After 23 years on the job, Assistant Chief Johnny Smith, 52, of Little Rock, has become a familiar presence on campus, earning the moniker of “Officer Friendly” for his upbeat, polite attitude while protecting the university community.
“I love the environment, the community, and the students, faculty, and staff at UA Little Rock,” he said. “I have students that have come back after 20 years and ask if I am still here. The students sometimes call me Officer Friendly because that is how we treat everybody. The place has become home.”
Smith has become the first police officer from the University of Arkansas at Little Rock to complete the prestigious FBI National Academy, a professional course of study for U.S. and international law enforcement managers nominated by their agency heads because of demonstrated leadership qualities. President Donald Trump gave the commencement speech at his Dec. 15, 2017, graduation ceremony at the Marine Corps Base in Quantico, Virginia.
The 11-week program—which provides coursework in intelligence theory, terrorism and terrorist mindsets, management science, law, behavioral science, law enforcement communication, and forensic science—serves to improve the administration of justice in police departments and agencies at home and abroad and to raise law enforcement standards, knowledge, and cooperation worldwide.
“It was a privilege and honor for me to nominate Assistant Chief Johnny Smith to attend the FBI National Academy,” Chief Regina Carter said. “My goal when I was appointed as chief was to make sure our department gets the recognition it deserves and to make sure my officers achieve the level of success that I know they have within them. Smith is bringing back strong leadership skills that he learned at the academy and some new training that we can implement at the organizational level.”
Smith is thankful to Carter for the opportunity to attend the FBI National Academy.
“Chief Carter is dedicated to making sure the UA Little Rock Police Department is up to date with the latest training,” Smith said. “She is always supportive of officers being trained to the best of their abilities and encourages us to bring that training back to share with the community. She herself has attended the Arkansas Leader Training Program, which is the prerequisite to going to the FBI National Academy. Chief Carter and I have known each other for more than 20 years, and I couldn’t ask for a better chief.”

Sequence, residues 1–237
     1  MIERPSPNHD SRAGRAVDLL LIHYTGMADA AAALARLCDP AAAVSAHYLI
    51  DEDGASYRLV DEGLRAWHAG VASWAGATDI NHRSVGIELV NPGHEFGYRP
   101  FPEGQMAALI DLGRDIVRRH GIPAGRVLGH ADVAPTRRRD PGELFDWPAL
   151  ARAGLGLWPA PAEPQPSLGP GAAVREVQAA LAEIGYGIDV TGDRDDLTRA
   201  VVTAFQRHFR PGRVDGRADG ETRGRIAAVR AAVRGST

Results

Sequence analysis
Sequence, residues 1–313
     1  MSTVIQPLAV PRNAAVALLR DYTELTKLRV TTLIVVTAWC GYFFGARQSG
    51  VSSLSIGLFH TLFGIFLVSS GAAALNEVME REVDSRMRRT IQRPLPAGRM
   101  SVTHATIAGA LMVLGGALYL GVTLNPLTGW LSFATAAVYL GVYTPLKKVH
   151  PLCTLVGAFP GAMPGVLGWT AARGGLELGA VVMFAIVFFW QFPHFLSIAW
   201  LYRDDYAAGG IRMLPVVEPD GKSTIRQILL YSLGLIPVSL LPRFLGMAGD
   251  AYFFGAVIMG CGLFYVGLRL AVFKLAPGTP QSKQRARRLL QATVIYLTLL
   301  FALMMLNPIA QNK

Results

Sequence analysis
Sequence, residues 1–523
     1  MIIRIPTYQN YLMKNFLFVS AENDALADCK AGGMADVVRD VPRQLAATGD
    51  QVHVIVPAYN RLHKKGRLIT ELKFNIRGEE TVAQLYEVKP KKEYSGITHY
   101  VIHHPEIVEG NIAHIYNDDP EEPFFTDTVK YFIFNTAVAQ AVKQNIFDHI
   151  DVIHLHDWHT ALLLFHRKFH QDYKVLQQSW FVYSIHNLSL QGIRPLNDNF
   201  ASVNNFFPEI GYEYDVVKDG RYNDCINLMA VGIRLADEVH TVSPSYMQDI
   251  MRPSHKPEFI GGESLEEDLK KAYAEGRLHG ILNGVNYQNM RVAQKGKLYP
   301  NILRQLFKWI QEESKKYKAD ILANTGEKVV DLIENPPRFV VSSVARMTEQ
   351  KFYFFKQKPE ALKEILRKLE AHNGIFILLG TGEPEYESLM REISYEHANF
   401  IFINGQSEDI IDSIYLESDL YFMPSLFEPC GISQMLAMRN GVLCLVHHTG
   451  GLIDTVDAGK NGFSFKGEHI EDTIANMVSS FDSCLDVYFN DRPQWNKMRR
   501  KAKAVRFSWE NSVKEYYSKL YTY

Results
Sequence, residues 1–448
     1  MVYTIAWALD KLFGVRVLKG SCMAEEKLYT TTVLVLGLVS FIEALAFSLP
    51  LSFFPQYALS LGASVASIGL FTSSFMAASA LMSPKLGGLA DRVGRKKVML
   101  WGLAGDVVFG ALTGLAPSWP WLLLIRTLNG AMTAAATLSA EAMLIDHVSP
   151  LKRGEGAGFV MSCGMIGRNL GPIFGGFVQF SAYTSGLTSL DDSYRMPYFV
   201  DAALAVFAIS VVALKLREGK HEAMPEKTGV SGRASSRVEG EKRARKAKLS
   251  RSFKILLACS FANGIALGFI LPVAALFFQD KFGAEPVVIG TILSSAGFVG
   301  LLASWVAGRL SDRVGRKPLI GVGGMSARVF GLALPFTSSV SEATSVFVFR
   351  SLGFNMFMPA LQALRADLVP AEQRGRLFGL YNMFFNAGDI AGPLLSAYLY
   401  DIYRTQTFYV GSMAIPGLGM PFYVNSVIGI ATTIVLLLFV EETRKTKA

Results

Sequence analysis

Smith has served with the UA Little Rock Police Department since 1994, and he is currently pursuing a bachelor’s degree in criminal justice as well. Smith is married and the father of two sons. He began his career in law enforcement as a cadet with the Little Rock Police Department in 1984 and 1985 and later worked as an officer with the Wrightsville Police Department from 1990 to 1994.
“The FBI Academy is one of the biggest accomplishments that any law enforcement supervisor can receive,” Smith said. “I have been on the waiting list for four years. Only two people from Arkansas get selected out of the entire state to attend the academy.”
Smith earned 17 college credits at the academy and learned skills in leadership, public speaking, media relations, leading at-risk employees, and fitness in law enforcement, even developing a physical fitness and nutrition program for the UA Little Rock Police Department.
Smith’s fondest memories come from completion of the final test of the academy. Known as the “Yellow Brick Road,” the fitness test is a grueling 6.1-mile run through a hilly, wooded trail built by the Marines. Along the way, the participants must climb over walls, run through creeks, jump through simulated windows, scale rock faces with ropes, crawl under barbed wire in muddy water, and maneuver across a cargo net. When (and if) the students complete this difficult test, they receive an actual yellow brick to memorialize their achievement.
“The week before the challenge, I hurt my knee playing water polo,” Smith said. “It had swollen to a huge size, but nobody was going to stop me from running the Yellow Brick Road. I was in a lot of pain, but I was determined to do it. One guy broke his ankle but still completed the course. It’s just that important.”
The greatest asset Smith received from his time at the FBI National Academy is the friendships he built with his graduating class.
“The academy had 224 men and women from the U.S. and 24 men and women from other countries,” he said. “They are like brothers and sisters for life. There were 17 university police chiefs there that I can ask for advice. I now have friends in different states and agencies. It’s a great tool.”
Following graduation, each officer has the opportunity to join the FBI National Academy Associates, Inc., a dynamic organization of more than 16,000 law enforcement professionals who actively work to continue developing higher levels of competency, cooperation, and integrity across the law enforcement community.
Now back in Little Rock, Smith is looking forward to implementing the skills he learned at the FBI National Academy to better serve the UA Little Rock community.
“This is what it is all about, to take all the leadership skills and training we learned and to bring it back,” he said. “It makes you a better leader and gives you better training so you can train your supervisors to be better. It gives you tools you can use to be a better law enforcement provider. I’m proud to be a UA Little Rock police officer,” Smith said. “I enjoy being out here. I will continue to serve, and I look forward to making our police department and community better and safer.”